Yes, I think being pretty clear-eyed about what’s going on in your industry, and journalism, you know, it’s really hard. I have really good friends who are still journalists, I certainly would never discourage anyone from being a journalist; it’s a profession we need now more than ever. It’s a foundation of democracy. It’s hard to know, as there are more lay-offs and as the industry grows smaller and smaller, and people are asked to do more and more, and things like pay cuts and rising healthcare costs, it was kind of a pressure cooker in a lot of ways. But it is extremely hard to decide when it’s time for you to move on, and everybody has to make that for themselves.
There were people that had left years before me, and looked back at the rest of us like, “Boy, you guys don’t know what you’re doing. You really need to get out. You’re frogs in the proverbial boiling pot.” And others who looked at me as I was leaving, and said, “How can you leave? This is the best job you’ll ever have.” Because it is a calling, at least in journalism, and so that makes it particularly fraught compared with some other industries.
I don’t know that there’s one answer. I think you just have to feel pretty compelled to jump, but also not fully comfortable jumping. I certainly wasn’t. I still had misgivings. I still wasn’t absolutely certain it was the right time, even as I was doing it, so recognize that some discomfort is going to come with it.
As you made that leap, Michelle, did you turn to others for advice about how to manage the change, colleagues or mentors?
Yes, I talked to a lot of people. That helped a lot, a tremendous amount. I spoke with people who already worked at OHSU, and there were a couple of people that had worked at the Oregonian and had made the shift to OHSU, so they were amazing. One gave me an excellent clear-eyed view of what was different about the Oregonian and OHSU, and he turned out to be 100% right. But he also gave me a really great view of the Oregonian and where their vulnerabilities as a business lay, and I think he was right about that, too. And he had an attitude of, “Don’t look back. This is the right thing for you to do and so don’t spend a ton of time looking back.” And I think that was good advice.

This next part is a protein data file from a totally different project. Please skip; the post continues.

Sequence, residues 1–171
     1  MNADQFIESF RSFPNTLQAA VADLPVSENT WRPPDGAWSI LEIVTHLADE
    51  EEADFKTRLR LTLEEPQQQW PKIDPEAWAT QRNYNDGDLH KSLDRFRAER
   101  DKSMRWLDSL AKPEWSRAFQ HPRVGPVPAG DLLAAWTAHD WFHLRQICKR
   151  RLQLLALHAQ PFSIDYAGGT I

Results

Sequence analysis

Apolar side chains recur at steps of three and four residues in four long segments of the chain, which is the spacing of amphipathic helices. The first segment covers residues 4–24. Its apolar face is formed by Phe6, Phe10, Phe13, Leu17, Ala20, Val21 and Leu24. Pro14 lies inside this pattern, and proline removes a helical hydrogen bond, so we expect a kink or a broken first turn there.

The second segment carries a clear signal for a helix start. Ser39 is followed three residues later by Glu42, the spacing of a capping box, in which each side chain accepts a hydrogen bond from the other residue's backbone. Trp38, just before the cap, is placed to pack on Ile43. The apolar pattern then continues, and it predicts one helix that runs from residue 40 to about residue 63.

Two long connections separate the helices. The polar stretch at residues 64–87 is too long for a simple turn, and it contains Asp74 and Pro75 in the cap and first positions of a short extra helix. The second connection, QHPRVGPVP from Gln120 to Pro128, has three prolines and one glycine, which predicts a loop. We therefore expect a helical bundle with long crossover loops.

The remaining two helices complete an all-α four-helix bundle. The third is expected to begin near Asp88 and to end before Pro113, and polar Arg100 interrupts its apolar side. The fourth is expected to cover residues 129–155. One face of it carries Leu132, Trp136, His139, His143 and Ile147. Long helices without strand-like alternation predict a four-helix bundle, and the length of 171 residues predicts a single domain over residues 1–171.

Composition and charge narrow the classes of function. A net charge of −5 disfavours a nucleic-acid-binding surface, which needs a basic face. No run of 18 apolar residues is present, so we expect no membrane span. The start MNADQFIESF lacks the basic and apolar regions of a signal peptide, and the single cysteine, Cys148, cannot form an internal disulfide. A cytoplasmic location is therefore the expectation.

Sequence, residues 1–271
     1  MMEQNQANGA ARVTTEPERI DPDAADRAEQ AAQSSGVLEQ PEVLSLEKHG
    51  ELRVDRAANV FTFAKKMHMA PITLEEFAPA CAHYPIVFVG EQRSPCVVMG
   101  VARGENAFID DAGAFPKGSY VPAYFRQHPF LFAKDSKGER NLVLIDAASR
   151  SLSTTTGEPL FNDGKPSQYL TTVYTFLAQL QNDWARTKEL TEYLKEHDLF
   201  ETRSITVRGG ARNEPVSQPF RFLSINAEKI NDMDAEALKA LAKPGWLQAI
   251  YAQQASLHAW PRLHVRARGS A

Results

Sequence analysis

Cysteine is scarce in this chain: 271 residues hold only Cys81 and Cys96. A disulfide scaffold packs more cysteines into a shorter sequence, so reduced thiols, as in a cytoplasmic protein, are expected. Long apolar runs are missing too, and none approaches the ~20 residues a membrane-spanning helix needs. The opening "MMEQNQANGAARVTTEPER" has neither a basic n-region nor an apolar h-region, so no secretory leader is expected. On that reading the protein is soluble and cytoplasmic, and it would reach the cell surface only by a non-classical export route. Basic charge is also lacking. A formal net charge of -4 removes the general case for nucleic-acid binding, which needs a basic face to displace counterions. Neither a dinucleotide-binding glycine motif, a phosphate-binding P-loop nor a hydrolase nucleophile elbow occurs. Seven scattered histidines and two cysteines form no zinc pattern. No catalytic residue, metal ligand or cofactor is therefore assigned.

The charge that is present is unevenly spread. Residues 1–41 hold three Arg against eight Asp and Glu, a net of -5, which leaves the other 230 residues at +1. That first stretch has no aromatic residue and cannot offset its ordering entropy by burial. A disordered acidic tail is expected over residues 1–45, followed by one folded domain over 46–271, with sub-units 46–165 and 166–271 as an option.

The other thing that I noticed, I talked to somebody else, a former colleague who went from the Oregonian to Portland State, also somebody who I really admire and respect, and he said, “It’s a job not a calling.”
His new job, and I feel there is some truth to that. Even though I do feel a bit more of a calling here than I would in most places but he also said that he wouldn’t go back and of all the people that I talked to, no one said, “Boy, I wish I hadn’t left.” Nobody said that and I think you don’t see a lot of people go back. I know of one person who left journalism and came back. I’m sure there are others but you don’t see it too often.
When you were reaching out to people, did you find that most folks were willing to talk to you about the transitions that they’d made and give you advice?
They were wonderful. They spent an hour or more with me. Either on a phone, for lunch, or coffee. I had one person here I contacted and talked with multiple times; they could not have been more generous and kind, and I try to do the same when people contact me about leaving or looking at applying for a job at OHSU.
Now, you mentioned that you found the job just by looking at a job board, Mac’s List, and so that was easy, learning about the position. But you also spent, you say in your article, a lot of time preparing for your interviews. Tell us what you did and how you got ready.
I did some research on OHSU, of course, and on the job. It was a little tricky because the job didn’t exist at the time. It was a new position, a new role, but I looked up the people that I was going to be interviewing with to learn a little bit about them. I sort of talked myself through being…again, putting my heart into it, being really dedicated that, okay, if this was the job that I wanted, I needed to go after it with everything I had and show what I could do.
You were mid-career, you’d been at the Oregonian for, I think, more than 20 years, so what advice would you have, Michelle, for a listener who is thinking about making a career change? Particularly someone who might be in their 40s or 50s.
Oh gosh, I’d been at the Oregonian for about 14 or 15 years. I would say, take stock of your skills. I worried a lot about changing careers, thinking that I would be starting from absolute scratch doing something else, and that turned out not to be the case at all. A lot of the things I did at the Oregonian, as a journalist, and did well, are some of the very same things I do in my new job. They may be called something different but they’re very very similar, and I was very pleasantly surprised to see how transferable my skills were. So, talking yourself through anxiety about how you’re going to compete and recognizing that you probably have a lot more skills and a lot more transferable skills than you realize.